In other words, like Caterpillar and Wal-Mart, 3M came into the year with very low expectations and really didn't need to do all that much to dispel the gloom. Candidly, unlike CAT and Wal-Mart, 3M had a step up in earnings that drove this 12% gain. The others just got oversold. But it's truly a powerhouse member of the Dow.
Verizon (VZ) is up 11%, and I think that this is an example of both a better-than-expected quarter as well as a yield that's safe and big. When Janet Yellen scotched the four-rate-hike thesis, this stock became a bond, and its 4% to 5% yield sent it skyrocketing. Does it deserve the increase? Yes, given how hard it is to find steady yield.
IBM (IBM) has been up forever, but can it maintain its 10% gain? That depends what it says after the bell.
Exxon Mobil (XOM) and Chevron (CVX) are both up 9%, and you may think that's odd given that the Doha conference led to no freeze. However, oil in 2016 is all about supply and demand. Supply is dropping here so fast that, when matched with increasing demand, it yields a higher price regardless of the freeze. That's why they have been and can keep climbing.
United Technologies (UTX) has had several high-profile disappointments, but earlier this year Honeywell (HON) made what amounted to a hostile bid for the company. That drove the stock up 10 points, but, amazingly, the stock only has built on that run, tacking on another five points. How is that possible if we have no clue of how its earnings are doing?
I think the run is part and parcel with the industrial bull market we have seen with Caterpillar and 3M. The market collectively has judged that there is too much negativity given the possibility of a return to growth of China, low rates here and the potential for a turn in Europe, all of which could amount to better-than-expected earnings later in the year. With that armory, it makes a degree of sense that UTX is up 9% for the year.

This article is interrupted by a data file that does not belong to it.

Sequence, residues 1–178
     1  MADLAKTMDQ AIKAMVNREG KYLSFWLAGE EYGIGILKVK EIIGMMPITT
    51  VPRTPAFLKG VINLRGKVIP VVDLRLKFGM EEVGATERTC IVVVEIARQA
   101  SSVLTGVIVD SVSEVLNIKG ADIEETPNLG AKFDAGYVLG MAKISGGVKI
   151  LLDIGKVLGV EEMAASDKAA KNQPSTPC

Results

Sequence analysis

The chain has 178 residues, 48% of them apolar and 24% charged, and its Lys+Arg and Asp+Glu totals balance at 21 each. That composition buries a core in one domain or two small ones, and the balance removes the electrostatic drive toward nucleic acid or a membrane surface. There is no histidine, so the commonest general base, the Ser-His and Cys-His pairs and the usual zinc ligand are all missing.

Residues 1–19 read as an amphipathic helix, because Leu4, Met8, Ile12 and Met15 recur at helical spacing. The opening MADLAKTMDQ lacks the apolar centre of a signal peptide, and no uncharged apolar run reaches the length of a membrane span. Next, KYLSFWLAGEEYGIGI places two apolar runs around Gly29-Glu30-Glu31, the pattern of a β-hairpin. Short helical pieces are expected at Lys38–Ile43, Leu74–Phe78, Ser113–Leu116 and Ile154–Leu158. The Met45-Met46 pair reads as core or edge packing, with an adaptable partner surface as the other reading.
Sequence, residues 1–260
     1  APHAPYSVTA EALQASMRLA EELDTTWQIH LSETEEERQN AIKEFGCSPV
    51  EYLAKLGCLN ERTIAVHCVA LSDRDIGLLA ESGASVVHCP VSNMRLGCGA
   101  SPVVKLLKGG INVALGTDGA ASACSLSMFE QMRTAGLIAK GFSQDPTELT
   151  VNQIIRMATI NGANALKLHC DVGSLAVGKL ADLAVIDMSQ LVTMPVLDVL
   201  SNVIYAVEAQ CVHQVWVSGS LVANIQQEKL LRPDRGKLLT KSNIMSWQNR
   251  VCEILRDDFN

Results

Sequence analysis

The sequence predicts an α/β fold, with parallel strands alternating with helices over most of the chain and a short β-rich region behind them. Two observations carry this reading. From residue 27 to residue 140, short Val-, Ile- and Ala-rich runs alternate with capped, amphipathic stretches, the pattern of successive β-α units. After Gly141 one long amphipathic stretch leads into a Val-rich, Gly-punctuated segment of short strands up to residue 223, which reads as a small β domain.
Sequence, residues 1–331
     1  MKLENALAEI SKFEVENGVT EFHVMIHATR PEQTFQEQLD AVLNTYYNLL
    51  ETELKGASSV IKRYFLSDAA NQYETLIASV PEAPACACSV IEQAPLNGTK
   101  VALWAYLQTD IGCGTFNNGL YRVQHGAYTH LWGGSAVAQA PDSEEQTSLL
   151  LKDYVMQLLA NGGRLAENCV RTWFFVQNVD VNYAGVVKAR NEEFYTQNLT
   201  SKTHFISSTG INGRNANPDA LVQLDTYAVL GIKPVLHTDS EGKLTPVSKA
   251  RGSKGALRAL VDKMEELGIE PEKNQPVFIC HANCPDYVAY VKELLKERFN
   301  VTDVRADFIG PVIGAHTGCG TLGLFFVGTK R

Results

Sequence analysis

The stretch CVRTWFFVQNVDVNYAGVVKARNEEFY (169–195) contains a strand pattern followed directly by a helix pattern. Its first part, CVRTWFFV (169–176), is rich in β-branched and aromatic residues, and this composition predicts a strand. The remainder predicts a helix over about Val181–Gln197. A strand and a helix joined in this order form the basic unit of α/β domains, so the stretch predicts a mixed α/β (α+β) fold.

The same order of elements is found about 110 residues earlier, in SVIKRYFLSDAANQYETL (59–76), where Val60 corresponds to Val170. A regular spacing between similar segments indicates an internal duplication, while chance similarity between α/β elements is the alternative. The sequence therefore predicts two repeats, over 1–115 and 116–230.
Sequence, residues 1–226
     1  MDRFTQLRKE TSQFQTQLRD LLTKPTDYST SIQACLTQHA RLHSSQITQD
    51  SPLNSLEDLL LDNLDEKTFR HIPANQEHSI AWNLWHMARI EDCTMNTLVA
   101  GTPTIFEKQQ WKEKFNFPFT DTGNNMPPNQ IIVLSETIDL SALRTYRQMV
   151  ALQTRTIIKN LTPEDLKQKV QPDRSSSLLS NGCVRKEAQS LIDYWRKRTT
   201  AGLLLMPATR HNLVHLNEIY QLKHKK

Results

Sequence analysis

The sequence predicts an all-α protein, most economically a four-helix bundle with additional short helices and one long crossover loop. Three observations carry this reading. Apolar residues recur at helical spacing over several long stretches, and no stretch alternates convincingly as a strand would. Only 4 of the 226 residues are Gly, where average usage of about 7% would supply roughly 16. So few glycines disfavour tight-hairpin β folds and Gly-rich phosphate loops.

Like all of the big cyclicals, this move is fueled by, well, nothing. We have seen nothing good yet from UTX. It's all on the come, which makes the longs uncomfortable and emboldens the short-sellers. However, the efforts of the latter have been nothing short of disastrous as the market believes it is only a matter of time before things get better in the world.
How many times have people told me to get off the McDonald's (MCD) bandwagon? However, I am convinced that CEO Steve Easterbrook is fundamentally turning this stalled-out, old, tired, once-growth company into the worldwide juggernaut it had been for so long. I am not saying you ain't seen nothing yet given the stock's $30 run under his tenure. But the darned thing was so undermanaged I do not think it is done going up. It should never have been in the low $90s and high $80s to begin with.
Finally, there is UnitedHealth Group (UNH), which has gone up 8%. Like so many of its brethren, people thought that UNH would have a horrible year because it was taking a beating on the health care exchanges that the federal government had created to take care of the uninsured under the Affordable Care Act. What we didn't count on is that UNH would be bold enough to pull out of the exchanges that it was taking a beating in. Just like the other stocks, UNH simply didn't deserve to sell at the same low level if it wasn't going to lose as much money as we thought it would.